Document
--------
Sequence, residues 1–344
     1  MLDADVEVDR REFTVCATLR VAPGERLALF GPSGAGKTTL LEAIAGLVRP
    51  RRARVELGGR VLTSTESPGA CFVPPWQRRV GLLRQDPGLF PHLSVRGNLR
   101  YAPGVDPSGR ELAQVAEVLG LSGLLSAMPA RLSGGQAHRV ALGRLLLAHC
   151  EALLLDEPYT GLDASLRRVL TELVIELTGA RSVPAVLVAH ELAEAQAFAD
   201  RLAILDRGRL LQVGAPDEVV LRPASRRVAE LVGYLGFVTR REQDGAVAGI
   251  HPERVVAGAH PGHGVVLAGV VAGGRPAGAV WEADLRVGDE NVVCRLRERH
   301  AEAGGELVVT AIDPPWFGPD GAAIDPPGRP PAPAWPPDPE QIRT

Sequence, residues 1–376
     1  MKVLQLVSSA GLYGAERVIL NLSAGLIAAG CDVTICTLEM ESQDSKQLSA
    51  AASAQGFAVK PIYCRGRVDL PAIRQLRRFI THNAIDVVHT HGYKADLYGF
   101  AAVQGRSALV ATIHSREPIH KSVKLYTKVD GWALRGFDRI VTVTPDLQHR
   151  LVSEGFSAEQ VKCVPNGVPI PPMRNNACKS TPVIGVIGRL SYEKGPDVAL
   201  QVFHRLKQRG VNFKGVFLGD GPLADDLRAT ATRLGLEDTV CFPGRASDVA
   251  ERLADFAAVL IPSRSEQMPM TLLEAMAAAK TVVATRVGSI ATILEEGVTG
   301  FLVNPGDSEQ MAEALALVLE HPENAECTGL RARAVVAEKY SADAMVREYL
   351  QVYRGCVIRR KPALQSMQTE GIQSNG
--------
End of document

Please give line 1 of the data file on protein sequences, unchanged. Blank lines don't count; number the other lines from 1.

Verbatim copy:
Sequence, residues 1–344